I’ve just finished reading The Gone World by Tom Sweterlitsch, and I’m still confused by many aspects of it. The book is a mix of thriller and sci-fi time-travel story. If focuses on Shannon Moss, an FBI agent working for a secret brand of the NCIS which is dealing with time and space travel.
She is sent to the future to investigate a possible ending of the world through something called the Terminus.
For Shannon, it all starts in 1977 when she is investigating the gruesome murder of a family which incidentally lived in the same house her best friend also lived many years ago before she was murdered.
So this case is very close to Shannon’s heart. But she also has a deep secret that she can’t share with any of the people on that case. Shannon actually went to the future in one of her secret missions for the NCIS, and this is when she lost a leg.
Soon she starts realizing that the murders are somehow related to the secret project she is involved in. But how, in what way?
The book is one of those types we usually call mind-fuck, and with good reason. Before long, I understood that I had to pay attention to what was going on, else I would lose the thread with ease.
I found it fascinating that in this book time travel is possible, but unlike in other books with this theme, it is only possible into the future, and never into the past (well, not further back then the time the person went into the future).
It was a refreshing thought. Of course, this forward time travel brought with it a few set of issues as well. It seems that through something that one ship caused during one of its trips to other places, it caused a time loop, which means that now there are several different possible future timelines available to travel.
And every time Shannon went to the future to learn something about a crime to be able to prevent it in her own time, she would go to any of the possible timelines, never quite knowing where she will end up, which version of the people she knew she would encounter.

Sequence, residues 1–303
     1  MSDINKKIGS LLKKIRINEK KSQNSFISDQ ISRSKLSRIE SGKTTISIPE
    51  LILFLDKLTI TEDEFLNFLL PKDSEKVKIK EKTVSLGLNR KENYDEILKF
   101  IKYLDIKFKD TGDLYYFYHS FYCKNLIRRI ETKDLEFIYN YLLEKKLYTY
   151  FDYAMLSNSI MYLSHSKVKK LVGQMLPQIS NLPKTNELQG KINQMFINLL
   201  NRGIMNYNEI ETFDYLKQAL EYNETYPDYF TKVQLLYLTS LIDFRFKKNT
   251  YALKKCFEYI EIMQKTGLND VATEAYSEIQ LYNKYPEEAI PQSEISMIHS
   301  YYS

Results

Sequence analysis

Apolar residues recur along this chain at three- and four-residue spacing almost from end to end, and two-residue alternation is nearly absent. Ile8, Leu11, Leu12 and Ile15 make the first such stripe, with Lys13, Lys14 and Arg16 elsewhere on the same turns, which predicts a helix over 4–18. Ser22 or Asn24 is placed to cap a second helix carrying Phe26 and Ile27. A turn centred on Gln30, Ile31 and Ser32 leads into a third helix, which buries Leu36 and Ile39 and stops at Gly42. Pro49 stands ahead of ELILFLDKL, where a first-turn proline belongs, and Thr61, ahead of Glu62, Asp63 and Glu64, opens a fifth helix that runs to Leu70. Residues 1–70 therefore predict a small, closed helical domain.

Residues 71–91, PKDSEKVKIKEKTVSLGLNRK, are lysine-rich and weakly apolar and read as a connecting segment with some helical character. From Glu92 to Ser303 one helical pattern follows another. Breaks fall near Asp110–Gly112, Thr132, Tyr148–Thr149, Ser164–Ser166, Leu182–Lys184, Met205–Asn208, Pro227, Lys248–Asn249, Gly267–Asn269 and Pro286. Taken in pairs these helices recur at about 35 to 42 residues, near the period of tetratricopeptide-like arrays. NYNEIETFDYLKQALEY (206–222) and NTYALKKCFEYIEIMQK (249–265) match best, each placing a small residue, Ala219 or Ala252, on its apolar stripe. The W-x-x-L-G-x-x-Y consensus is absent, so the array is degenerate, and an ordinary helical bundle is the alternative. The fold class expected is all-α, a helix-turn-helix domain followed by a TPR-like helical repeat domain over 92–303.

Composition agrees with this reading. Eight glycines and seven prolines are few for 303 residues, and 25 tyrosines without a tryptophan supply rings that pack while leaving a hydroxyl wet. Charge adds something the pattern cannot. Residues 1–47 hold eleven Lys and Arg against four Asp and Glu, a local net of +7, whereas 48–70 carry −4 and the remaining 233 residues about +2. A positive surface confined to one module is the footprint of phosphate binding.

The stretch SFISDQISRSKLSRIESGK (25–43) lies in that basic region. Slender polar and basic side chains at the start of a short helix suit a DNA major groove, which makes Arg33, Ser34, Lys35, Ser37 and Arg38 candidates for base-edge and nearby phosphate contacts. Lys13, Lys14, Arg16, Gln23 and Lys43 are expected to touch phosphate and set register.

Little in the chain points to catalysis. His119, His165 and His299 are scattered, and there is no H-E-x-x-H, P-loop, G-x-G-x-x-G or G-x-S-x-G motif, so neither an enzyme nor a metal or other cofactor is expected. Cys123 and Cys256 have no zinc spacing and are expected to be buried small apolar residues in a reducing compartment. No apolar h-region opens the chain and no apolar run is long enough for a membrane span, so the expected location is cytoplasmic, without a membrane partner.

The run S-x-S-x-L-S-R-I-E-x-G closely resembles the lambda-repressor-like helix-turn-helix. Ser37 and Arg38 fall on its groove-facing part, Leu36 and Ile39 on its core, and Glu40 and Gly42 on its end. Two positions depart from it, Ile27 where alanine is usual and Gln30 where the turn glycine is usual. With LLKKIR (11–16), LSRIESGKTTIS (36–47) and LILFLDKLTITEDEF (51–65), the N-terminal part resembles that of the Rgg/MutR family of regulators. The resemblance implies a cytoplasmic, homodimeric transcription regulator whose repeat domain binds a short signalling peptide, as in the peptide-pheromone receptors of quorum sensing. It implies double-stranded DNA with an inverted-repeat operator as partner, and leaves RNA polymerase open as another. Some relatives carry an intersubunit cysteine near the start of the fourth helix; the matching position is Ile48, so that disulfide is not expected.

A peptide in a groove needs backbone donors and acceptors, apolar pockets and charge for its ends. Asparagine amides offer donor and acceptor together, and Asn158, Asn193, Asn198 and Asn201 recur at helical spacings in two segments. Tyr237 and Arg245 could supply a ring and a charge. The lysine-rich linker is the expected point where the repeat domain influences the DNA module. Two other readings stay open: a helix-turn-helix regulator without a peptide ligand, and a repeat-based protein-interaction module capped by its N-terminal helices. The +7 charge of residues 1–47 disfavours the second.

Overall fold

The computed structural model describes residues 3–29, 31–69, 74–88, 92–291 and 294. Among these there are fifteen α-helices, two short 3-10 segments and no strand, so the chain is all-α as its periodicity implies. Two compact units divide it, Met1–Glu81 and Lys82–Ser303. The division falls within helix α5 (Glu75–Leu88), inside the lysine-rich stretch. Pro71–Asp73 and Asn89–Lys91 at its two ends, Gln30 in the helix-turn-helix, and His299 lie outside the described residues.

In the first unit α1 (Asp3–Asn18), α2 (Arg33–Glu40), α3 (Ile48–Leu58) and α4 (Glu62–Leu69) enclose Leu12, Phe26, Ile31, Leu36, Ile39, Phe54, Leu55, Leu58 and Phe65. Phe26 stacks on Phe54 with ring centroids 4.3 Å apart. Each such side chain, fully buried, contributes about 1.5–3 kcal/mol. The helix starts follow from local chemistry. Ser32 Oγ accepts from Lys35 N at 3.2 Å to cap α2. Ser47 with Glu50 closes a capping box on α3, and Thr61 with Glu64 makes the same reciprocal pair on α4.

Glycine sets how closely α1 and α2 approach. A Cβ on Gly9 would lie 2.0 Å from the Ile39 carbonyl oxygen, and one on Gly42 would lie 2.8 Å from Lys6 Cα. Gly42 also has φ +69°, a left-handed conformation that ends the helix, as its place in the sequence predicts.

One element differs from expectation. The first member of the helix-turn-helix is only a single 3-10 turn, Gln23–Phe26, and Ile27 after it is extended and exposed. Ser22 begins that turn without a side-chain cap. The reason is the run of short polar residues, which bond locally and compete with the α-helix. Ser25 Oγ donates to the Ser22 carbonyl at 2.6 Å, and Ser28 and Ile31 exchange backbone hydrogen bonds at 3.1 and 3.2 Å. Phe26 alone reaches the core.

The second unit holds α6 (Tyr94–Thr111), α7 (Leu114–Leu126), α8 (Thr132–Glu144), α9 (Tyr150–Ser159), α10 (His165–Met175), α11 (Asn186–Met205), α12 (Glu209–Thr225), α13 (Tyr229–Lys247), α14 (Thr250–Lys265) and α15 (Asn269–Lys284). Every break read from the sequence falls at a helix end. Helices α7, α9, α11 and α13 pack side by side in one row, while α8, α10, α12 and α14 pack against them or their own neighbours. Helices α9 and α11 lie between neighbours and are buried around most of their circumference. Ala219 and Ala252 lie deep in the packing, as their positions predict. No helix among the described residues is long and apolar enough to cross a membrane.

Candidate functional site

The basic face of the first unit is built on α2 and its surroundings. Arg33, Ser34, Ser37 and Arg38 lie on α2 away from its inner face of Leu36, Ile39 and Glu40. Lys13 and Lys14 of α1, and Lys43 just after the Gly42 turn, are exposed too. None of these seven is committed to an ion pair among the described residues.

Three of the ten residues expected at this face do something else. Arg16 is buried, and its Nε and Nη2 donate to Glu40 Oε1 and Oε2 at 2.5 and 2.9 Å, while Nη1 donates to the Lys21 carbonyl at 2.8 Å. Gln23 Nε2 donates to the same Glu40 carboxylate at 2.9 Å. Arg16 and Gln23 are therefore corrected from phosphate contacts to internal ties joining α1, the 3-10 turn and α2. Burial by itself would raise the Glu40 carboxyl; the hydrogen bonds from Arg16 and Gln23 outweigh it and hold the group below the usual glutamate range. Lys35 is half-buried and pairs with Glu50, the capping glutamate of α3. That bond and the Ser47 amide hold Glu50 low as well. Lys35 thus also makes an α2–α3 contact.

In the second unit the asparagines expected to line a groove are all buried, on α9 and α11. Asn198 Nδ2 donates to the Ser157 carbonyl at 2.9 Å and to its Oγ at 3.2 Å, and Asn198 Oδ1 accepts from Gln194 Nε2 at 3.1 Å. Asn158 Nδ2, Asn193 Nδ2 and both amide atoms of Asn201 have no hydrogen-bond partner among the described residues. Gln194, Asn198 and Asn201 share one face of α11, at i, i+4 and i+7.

Also, every time she would jump into the future and would live there for a while, when she came back to the Terra Firma, as they call it, the actual present, she would have aged quite a lot.
All this is compounded by the fact that every time she or other colleagues would go to the future, they would see that the Terminus, the so-called end of human life as we know it, would be close and closer. So now, Shannon is on the path to try to prevent the extinction of the human race.
While I gave a few tiny spoilers here, this is just the framework of what is to come. The book is so much more complex than that! Every chapter something new is introduced that made me stop and try to align it with everything I knew so far.
Everything became interconnected, with all the mysteries unfolding becoming part of a larger whole.
I’m still not sure I understood 100% of the book. I might pick it up at some point once again, and hopefully, the missing pieces will click in place this time.
Mind-fuck, or mind-bending, is just right for this book. I remember reading Dark Matter a while back, and I thought that was weird (and yes, I love weird in books). The Gone World definitely takes the cake in “weird.”
Some people had issues with the epilogue. Personally, based on what I’ve read in the book, it actually made a – sort of anticlimactic – sense. Sure, it’s not explosive ending, but once the ending is done with, in my mind, this is the only possibility remaining.
I won’t say that the book is my top read of this year, but it has come darn close!